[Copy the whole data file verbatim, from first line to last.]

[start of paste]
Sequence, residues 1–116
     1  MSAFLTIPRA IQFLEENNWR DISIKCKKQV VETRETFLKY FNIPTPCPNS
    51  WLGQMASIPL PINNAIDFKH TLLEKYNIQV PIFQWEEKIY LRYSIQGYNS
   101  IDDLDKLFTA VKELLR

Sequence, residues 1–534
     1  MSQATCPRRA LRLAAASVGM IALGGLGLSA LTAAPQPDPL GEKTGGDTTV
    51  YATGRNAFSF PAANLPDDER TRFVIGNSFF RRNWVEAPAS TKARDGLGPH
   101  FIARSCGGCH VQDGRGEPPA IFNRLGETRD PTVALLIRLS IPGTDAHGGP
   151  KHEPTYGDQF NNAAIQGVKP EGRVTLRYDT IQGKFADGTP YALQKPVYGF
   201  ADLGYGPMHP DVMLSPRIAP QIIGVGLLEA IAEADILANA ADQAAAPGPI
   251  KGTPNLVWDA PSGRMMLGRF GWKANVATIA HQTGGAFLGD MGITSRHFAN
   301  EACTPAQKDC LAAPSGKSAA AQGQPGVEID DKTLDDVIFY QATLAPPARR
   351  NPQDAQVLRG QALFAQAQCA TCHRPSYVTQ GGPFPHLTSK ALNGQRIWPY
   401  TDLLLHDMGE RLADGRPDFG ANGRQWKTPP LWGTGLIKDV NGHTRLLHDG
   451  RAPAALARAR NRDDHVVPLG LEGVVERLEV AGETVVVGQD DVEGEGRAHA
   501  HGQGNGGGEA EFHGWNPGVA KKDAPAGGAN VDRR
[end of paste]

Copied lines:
Sequence, residues 1–116
     1  MSAFLTIPRA IQFLEENNWR DISIKCKKQV VETRETFLKY FNIPTPCPNS
    51  WLGQMASIPL PINNAIDFKH TLLEKYNIQV PIFQWEEKIY LRYSIQGYNS
   101  IDDLDKLFTA VKELLR

Sequence, residues 1–534
     1  MSQATCPRRA LRLAAASVGM IALGGLGLSA LTAAPQPDPL GEKTGGDTTV
    51  YATGRNAFSF PAANLPDDER TRFVIGNSFF RRNWVEAPAS TKARDGLGPH
   101  FIARSCGGCH VQDGRGEPPA IFNRLGETRD PTVALLIRLS IPGTDAHGGP
   151  KHEPTYGDQF NNAAIQGVKP EGRVTLRYDT IQGKFADGTP YALQKPVYGF
   201  ADLGYGPMHP DVMLSPRIAP QIIGVGLLEA IAEADILANA ADQAAAPGPI
   251  KGTPNLVWDA PSGRMMLGRF GWKANVATIA HQTGGAFLGD MGITSRHFAN
   301  EACTPAQKDC LAAPSGKSAA AQGQPGVEID DKTLDDVIFY QATLAPPARR
   351  NPQDAQVLRG QALFAQAQCA TCHRPSYVTQ GGPFPHLTSK ALNGQRIWPY
   401  TDLLLHDMGE RLADGRPDFG ANGRQWKTPP LWGTGLIKDV NGHTRLLHDG
   451  RAPAALARAR NRDDHVVPLG LEGVVERLEV AGETVVVGQD DVEGEGRAHA
   501  HGQGNGGGEA EFHGWNPGVA KKDAPAGGAN VDRR